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Ninilchik Traditional Council v. Towarak

United States District Court, D. Alaska

July 22, 2016

Ninilchik Traditional Council, Plaintiff,
v.
Tim Towarak, et al., Defendants.

          ORDER AND OPINION [RE: MOTION AT DOCKET 51]

          JOHN W. SEDWICK, SENIOR JUDGE

         I. MOTION PRESENTED

         At docket 51 plaintiff Ninilchik Traditional Council (“NTC”) moves for a preliminary injunction to enforce its rights under the Alaska National Interest Lands Conservation Act (“ANILCA”) and, derivatively, a federal regulation that provides that “[r]esidents of Ninilchik may harvest Sockeye, Chinook, Coho, and Pink salmon with a gillnet in the [f]ederal public waters of the Kenai River.”[1] That regulation provides that a permit to operate the Kenai River gillnet must be “awarded by the [f]ederal in-season fishery manager . . . based on the merits of the operational plan.”[2] Although the regulation became effective in May 2015 and provided Ninilchik residents with an opportunity to operate the gillnet in the Kenai River beginning on June 15, 2015, the U.S. Fish and Wildlife Service (“FWS”) in-season fishery manager, Jeffry Anderson (“Anderson”), has still not issued a gillnet permit to the Ninilchik residents.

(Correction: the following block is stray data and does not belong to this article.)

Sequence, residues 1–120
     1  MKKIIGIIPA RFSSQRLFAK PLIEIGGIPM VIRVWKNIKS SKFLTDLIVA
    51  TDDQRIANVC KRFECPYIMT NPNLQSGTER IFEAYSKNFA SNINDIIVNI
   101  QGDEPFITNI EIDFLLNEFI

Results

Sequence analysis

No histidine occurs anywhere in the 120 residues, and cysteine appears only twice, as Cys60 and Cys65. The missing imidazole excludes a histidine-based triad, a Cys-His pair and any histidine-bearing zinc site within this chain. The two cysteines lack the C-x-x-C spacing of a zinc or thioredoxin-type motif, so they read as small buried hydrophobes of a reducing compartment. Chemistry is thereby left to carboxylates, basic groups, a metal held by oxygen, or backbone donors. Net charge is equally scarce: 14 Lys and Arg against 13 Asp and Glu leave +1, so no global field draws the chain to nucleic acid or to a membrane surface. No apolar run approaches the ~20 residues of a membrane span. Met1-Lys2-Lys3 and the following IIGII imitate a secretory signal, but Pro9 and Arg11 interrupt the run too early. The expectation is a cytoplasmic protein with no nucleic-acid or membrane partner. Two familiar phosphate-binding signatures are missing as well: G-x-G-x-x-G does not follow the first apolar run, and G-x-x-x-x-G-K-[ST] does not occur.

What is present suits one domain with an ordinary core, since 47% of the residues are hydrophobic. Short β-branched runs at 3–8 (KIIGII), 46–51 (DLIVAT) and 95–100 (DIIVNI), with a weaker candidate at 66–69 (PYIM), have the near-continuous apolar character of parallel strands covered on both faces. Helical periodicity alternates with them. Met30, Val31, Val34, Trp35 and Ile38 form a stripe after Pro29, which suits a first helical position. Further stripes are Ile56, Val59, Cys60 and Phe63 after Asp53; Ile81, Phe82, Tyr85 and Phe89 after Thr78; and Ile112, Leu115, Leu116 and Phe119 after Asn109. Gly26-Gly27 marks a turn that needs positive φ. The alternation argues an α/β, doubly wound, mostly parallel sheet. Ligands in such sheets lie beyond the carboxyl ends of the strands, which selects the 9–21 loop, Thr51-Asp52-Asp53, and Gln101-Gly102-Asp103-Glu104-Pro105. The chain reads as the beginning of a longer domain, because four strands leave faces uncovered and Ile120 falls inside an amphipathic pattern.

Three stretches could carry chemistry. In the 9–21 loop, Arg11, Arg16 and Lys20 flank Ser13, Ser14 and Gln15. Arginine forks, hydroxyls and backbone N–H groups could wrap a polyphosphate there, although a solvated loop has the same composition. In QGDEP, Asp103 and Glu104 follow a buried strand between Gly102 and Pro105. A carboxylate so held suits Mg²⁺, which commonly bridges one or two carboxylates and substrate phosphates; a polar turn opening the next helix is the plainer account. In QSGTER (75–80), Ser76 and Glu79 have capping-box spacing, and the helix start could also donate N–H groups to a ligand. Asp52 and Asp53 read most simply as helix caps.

NTC’s preliminary injunction motion seeks an order requiring Anderson to grant its application for a Kenai River gillnet permit. Defendants Tim Towarak, Sally Jewell, and Tom Vilsack (“Defendants”) oppose the motion at docket 58. NTC replies at docket 70. Oral argument was heard on July 22, 2016.

         II. BACKGROUND

         The court has described the background giving rise to this litigation in detail in the order at docket 40. It need not be repeated here. T he following is a summary of NTC’s efforts to obtain a Kenai River gillnet permit since the order at docket 40 was issued.